- Multiple-choice: This is the most common type of assessment question. Multiple-choice questions ask the student to choose one correct answer out 4 or 5 possible answer choices.
- Multiple-select: This type of question is a little different than multiple-choice. Multiple-select questions ask the student to select all of the correct answer choices among a number of choices. Instead of having just one correct answer, there could be 2 or more correct answers.
- Fill-in-the-blank: This type of question asks the student to type their answer into a box after the question, or a box that is part of a sentence. In math, the answer is often numerical but sometimes can be a written word or short phrase.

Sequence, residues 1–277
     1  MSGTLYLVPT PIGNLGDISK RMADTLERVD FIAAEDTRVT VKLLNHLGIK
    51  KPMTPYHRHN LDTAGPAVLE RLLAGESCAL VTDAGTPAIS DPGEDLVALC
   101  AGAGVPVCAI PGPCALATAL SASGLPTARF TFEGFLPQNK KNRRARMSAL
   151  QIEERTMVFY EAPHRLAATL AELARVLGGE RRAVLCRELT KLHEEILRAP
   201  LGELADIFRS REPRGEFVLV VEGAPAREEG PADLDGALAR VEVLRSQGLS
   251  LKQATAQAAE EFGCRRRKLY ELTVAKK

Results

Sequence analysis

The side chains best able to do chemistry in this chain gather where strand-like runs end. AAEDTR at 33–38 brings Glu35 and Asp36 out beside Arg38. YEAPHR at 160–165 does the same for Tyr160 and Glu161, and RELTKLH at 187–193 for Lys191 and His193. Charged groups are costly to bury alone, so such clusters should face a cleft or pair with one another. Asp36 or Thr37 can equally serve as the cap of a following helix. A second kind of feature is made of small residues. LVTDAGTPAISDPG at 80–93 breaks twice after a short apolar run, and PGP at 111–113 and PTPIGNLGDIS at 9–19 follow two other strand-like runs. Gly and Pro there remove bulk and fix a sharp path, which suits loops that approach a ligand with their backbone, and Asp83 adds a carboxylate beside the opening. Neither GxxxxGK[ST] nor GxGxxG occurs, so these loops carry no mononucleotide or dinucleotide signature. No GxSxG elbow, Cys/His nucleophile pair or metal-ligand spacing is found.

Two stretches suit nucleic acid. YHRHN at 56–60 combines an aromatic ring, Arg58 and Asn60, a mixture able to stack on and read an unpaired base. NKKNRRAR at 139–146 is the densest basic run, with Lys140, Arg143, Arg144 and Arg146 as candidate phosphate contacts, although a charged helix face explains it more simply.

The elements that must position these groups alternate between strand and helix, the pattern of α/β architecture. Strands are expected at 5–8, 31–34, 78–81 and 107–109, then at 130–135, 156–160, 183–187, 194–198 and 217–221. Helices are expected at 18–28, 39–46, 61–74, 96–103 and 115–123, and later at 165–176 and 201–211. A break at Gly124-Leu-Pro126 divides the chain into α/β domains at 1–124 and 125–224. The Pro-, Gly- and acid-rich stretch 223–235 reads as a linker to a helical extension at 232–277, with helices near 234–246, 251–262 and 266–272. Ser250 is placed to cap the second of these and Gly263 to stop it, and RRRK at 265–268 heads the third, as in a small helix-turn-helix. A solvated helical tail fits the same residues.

- Drag-and-drop: This type of question has “draggable” answer options. When the student clicks and holds on one of the draggable options, they can drag it to a “target” region to answer the question correctly. Sometimes there might be two or more target regions.
- Matching: This type of question asks the student to check a box when the information in a column matches the information in a row. For example, one column header could be “true” and the other “false.” Students would read the information in a row and check whether that information is true or false.
- Table entry: This type of question is usually used for a table of values with two columns. Certain cells in the table will have a box where the student types in a number so that the table is correct.
Math is a broad subject that covers lots of different kinds of math. But what kind of math is on the test? Here are sample GED questions with answers.